Skip to main content

PCIe And CrossFire Scaling: Does Nvidia's NF200 Fix P55?

But Can NF200 Help X58, Too?

There’s been some discussion among Tom’s Hardware staff about whether the CrossFireX performance gains seen by adding the nForce 200 bridge to the P55 platform were simply a matter of accessing the processor's faster PCIe 2.0 lanes. Beyond the potential division of the CPU’s 80 Gb/s PCIe bandwidth across three cards, possible improvements include the ability of the cards to communicate with each other at up to 40 Gb/s (at x8 mode for three cards) and, more importantly, the likelihood that all of the cards connected to the NF200 are receiving the same data from the CPU (the performance equivalent of 32-lanes from the processor's 16). Surely the NF200 could also be used to provide the X58 chipset with enough additional lanes to support three graphics cards with the full set of 16 pathways, but would those extra lanes provide the 4% performance difference we noticed between x8 and x16 slots in our PCIe Scaling Analysis?

We needed to know whether or not the nForce 200 bridge’s extra lanes could add any "punch" compared to our X58 motherboard’s chipset-supported x16/x8/x8 configuration, and we also wanted to see how much performance loss would be incurred by using a less-expensive, x16/x16/x4 mode X58 motherboard. The X58+NF200 configuration came via MSI’s Eclipse Plus with its only BIOS release (V1.1), while the Asus P6T (BIOS 0801) represents the reduced-cost X58 option.

Our Far Cry 2 benchmark set was picked as the “most typical indicator” of gaming performance.

The NF200-equipped MSI Eclipse Plus beats the X58 native solution at medium resolutions, but the performance becomes identical at 2560x1600. The highest resolution is also where Asus’ x16/x16/x4 configuration falls behind, but not by enough to discourage most buyers from looking towards this less expensive motherboard as a potential value leader.

The NF200 advantage for X58 motherboards disappeared when we enabled AA. Because it’s cheaper than all but the EVGA P55 SLI motherboard, Asus’ P6T continues its hold on value.

  • liquidsnake718
    Score One for the X58. The NF200 should help the P55 however but at an added cost. ALl in all interesting to see that Nvidia has been busy making this for the onboard and motherboard vendors instead of focusing on the GF100. I am sure they are really strategizing and letting AMD/ATi get the upper hand for a short time as their target market for business is also reaching a wider market in motherboard vendors. Then when GF100 comes out, ppl will see the type of quality GPUs that are meant to please the eye and take on the best and most demanding apps/games/HD content.
    Reply
  • outlw6669
    With dual CrossFire/SLI (where it really matters most) it is kinda hard to fix something that ain't broken.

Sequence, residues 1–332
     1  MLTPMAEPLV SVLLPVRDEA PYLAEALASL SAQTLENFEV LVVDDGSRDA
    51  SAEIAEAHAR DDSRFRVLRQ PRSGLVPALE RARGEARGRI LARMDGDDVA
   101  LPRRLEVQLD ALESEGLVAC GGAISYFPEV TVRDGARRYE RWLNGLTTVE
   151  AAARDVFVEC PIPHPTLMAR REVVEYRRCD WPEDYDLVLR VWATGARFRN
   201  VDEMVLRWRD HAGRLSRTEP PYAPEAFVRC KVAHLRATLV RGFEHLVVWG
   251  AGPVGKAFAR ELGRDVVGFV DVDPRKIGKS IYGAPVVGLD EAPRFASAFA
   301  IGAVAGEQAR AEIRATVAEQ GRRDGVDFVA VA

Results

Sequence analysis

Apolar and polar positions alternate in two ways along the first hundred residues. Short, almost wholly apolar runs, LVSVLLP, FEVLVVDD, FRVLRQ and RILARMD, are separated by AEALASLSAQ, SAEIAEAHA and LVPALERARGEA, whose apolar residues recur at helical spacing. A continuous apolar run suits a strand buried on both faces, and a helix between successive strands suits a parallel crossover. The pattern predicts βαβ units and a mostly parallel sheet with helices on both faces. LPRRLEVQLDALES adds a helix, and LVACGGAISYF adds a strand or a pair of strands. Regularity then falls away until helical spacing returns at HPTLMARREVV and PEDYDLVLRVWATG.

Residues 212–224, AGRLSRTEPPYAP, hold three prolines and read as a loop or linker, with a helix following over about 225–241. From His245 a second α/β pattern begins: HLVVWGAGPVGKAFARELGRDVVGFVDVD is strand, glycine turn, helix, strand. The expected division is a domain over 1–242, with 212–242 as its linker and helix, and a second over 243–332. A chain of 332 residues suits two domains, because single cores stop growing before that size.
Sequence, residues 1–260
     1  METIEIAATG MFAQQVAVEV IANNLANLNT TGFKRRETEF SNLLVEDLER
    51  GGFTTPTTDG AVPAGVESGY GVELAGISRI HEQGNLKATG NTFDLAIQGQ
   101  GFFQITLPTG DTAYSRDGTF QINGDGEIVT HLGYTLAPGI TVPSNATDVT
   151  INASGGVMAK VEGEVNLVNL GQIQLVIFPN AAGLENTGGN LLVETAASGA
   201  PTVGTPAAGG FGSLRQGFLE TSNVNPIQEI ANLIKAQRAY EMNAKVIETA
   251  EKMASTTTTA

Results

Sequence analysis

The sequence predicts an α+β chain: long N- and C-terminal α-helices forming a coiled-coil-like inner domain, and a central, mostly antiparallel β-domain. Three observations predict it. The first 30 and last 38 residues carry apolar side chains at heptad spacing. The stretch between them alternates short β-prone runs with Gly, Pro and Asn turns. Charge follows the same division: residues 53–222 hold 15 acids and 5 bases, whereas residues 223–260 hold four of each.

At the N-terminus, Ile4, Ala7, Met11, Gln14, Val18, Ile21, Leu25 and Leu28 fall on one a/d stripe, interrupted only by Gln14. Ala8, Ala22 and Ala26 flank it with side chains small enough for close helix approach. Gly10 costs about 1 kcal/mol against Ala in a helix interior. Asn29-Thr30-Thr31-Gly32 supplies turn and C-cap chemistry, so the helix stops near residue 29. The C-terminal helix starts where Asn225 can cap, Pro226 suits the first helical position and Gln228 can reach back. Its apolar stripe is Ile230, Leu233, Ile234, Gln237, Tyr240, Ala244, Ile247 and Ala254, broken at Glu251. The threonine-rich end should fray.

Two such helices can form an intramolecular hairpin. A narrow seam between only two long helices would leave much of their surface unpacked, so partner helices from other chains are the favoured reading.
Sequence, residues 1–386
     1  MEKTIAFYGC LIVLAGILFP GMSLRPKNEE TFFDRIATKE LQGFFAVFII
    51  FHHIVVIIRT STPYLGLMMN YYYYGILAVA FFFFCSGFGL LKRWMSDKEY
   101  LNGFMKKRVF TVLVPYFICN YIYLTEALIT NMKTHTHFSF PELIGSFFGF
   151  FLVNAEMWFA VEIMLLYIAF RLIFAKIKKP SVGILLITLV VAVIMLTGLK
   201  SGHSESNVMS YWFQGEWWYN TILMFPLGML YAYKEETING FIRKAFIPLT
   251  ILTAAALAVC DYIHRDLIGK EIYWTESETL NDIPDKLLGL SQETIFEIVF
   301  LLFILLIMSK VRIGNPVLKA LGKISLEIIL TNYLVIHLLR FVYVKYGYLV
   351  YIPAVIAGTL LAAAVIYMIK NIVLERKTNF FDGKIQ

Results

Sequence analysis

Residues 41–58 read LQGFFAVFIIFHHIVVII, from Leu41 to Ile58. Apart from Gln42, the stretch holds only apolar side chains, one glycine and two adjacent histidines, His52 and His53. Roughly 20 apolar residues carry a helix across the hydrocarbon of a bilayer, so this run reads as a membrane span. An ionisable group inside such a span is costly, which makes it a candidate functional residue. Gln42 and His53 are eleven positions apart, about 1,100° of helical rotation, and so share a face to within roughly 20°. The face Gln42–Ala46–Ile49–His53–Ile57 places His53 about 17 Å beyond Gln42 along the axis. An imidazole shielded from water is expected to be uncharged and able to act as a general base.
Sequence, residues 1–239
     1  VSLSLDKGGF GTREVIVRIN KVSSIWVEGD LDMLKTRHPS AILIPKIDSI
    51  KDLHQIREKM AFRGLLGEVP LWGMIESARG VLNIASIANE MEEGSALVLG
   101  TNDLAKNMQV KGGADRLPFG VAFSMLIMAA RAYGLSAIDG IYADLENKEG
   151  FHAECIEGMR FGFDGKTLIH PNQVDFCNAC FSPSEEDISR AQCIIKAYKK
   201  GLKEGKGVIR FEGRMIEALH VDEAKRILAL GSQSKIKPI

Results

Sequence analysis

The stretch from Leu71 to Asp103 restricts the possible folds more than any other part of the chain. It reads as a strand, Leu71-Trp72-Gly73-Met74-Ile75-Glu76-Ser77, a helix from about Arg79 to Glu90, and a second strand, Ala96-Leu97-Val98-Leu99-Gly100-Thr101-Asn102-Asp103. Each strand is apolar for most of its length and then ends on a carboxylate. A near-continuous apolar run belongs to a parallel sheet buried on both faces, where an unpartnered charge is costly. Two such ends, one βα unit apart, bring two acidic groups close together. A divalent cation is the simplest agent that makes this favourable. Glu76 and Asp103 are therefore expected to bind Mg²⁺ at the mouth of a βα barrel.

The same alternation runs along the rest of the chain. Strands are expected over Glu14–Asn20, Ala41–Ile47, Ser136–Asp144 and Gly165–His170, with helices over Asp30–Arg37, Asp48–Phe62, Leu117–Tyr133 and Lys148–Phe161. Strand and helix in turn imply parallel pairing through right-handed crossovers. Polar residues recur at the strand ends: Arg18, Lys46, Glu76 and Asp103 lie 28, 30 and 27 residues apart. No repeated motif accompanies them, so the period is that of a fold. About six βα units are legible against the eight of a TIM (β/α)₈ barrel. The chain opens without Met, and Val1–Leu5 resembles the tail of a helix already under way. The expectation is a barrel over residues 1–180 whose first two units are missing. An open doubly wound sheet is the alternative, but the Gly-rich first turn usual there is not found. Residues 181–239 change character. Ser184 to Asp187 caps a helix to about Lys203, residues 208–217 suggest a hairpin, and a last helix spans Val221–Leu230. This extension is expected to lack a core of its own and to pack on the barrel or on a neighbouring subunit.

Nice gains with three way though.
    Pretty sure if you have $1200 to dump on GPU's you would have gotten the proper platform in the first place...
    Reply
  • falchard
    MSI wins again.
    Reply
  • apache_lives
    well there you go, high end x58/1366 systems with a high end price offer the higher performance, and pushing a mid-range 1156 platform to high end performance requires extra exotic equipement/chips to do it - no new news here
    Reply
  • apache_lives
    outlw6669With dual CrossFire/SLI (where it really matters most) it is kinda hard to fix something that ain't broken.Nice gains with three way though.Pretty sure if you have $1200 to dump on GPU's you would have gotten the proper platform in the first place...
    Exactly my point +1000
    Reply
  • elmo_gr
    Testing should have been done with 5670's
    Reply
  • mfarrukh
    Just Give us the Dman FERMI already
    Reply
  • 2shea
    It proves again that the x58 is stock the best performer albeit not very much in comparison with the buffed up p55 gf200 chipset. But in practical mode, I don't see the big wins with triple vs. dual gpu's. Moreover I probably won't even go dual videocards because of the relative high fps which don't matter much, 60+ is more than enough for any game on a flatscreen monitor. 30+ is mostly enough for most single player games.
    It DOES however prove that the chip gives a reasonable gain if games are going to demand more then they do now. The only games available that can really max out anything are crysis, WIC, total commander and that's pretty much all.
    For the rest pretty good article though
    Reply
  • Hupiscratch
    I prefer to use the remaining 4x PCI-e 2.0 lanes of the X58 for a Fusion-io Duo drive. Can you imagine?
    Reply
  • a4mula
    I bow to you Crashman. This was the granddaddy of all p55 reviews and I openly admit to standing corrected. I honestly didn't believe the NF200 could pull it off, but I was obviously wrong.

    I wish this review had come a week earlier, I would have gone 1156 over 1366 but at least it finally showed up. The last vestiges of X58's hold over P55 have been erased in my mind.

    Now you can move on to figuring out SATA 6Gb/s for us. I know, I know I'm never pleased. Great work.

    Reply